It's a British (really: Commonwealth) war memorial that is ubiquitous in Commonwealth war cemeteries. There's one at Arlington National Cemetery as well.
This is all there was about the memorial itself:
The Cross of Sacrifice was designed by Sir Reginald Blomfield for the Imperial War Graves Commission (now Commonwealth War Graves Commission) and is usually present in Commonwealth war cemeteries containing 40 or more graves. It is normally a freestanding four point limestone Latin cross in one of three sizes ranging in height from 18 to 32 feet. On the face of the cross is a bronze broadsword, blade down. It is usually mounted on an octagonal base. The Cross represents the faith of the majority of the dead and the sword represents the military character of the cemetery. The Cross of Sacrifice is frequently built into the boundary wall of cemeteries where subsidence is a liability, such as those in Turkey.Nothing about why it was created, what the design process was, where it was located, nothing. The memorial's height is barely mentioned, and nothing about its construction features.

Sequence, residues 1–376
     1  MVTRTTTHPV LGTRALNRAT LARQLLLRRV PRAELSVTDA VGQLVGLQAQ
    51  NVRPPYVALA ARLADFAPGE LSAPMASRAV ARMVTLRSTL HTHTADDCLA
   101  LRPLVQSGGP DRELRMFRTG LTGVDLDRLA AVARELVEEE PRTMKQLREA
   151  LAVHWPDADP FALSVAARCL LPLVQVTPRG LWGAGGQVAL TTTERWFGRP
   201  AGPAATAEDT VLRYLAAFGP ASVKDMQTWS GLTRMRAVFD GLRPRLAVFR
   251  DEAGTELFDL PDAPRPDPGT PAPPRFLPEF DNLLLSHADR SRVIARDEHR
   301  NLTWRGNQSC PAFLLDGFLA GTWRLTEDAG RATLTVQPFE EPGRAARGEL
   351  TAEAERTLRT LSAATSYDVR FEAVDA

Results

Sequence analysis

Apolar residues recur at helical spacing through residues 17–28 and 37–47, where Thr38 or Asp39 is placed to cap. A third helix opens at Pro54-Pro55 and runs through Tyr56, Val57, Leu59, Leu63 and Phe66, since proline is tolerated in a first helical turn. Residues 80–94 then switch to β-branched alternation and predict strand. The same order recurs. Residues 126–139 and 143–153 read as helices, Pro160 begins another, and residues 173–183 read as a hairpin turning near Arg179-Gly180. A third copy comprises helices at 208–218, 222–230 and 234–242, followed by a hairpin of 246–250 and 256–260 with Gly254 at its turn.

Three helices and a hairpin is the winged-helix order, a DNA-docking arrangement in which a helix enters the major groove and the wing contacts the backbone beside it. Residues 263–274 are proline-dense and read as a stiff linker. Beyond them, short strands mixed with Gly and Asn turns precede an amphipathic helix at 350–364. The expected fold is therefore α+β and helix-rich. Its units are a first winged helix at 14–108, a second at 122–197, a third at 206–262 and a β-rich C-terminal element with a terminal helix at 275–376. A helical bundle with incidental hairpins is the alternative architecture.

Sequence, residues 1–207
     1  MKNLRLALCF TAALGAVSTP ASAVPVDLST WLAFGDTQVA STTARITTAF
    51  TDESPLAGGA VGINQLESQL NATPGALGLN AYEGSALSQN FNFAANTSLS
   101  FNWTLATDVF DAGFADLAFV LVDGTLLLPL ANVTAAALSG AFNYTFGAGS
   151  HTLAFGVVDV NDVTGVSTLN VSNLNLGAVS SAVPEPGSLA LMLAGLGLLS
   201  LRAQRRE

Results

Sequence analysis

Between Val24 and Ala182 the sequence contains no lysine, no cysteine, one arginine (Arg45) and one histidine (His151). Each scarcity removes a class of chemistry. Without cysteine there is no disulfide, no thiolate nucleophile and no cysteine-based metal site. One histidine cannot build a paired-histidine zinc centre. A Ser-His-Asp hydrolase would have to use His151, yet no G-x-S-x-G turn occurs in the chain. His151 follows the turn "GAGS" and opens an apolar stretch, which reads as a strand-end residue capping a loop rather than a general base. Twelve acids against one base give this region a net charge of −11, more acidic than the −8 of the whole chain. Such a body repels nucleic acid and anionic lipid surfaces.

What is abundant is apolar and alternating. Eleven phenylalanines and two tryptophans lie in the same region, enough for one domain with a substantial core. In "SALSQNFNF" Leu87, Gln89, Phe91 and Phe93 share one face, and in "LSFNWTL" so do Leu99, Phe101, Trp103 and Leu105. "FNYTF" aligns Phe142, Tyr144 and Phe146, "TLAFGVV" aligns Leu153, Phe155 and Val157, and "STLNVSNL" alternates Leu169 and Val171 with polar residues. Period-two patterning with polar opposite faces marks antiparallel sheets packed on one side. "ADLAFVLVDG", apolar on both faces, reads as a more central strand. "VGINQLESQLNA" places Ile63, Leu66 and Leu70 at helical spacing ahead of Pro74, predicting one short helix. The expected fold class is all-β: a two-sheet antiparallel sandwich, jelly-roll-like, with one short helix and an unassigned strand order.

That's crazy shit. The original article had three times as much text about places where the memorial appeared (e.g., non-war cemeteries) than it did about the memorial itself! That's nonsense!!
I'm slowly laboring to create an article about all major memorials at Arlington National Cemetery. I lay down that burden occasionally, because my brain needs a rest. I figured that there was no need for a Canadian Cross of Sacrifice article, becuase there already was one about the Cross of Sacrifice itself. But boy was I wrong...
Although I knew NOTHING -- NOTH-ING -- about British war memorials or Commonwealth war graves, I spent four days doing some heavy research and writing.
It's better now.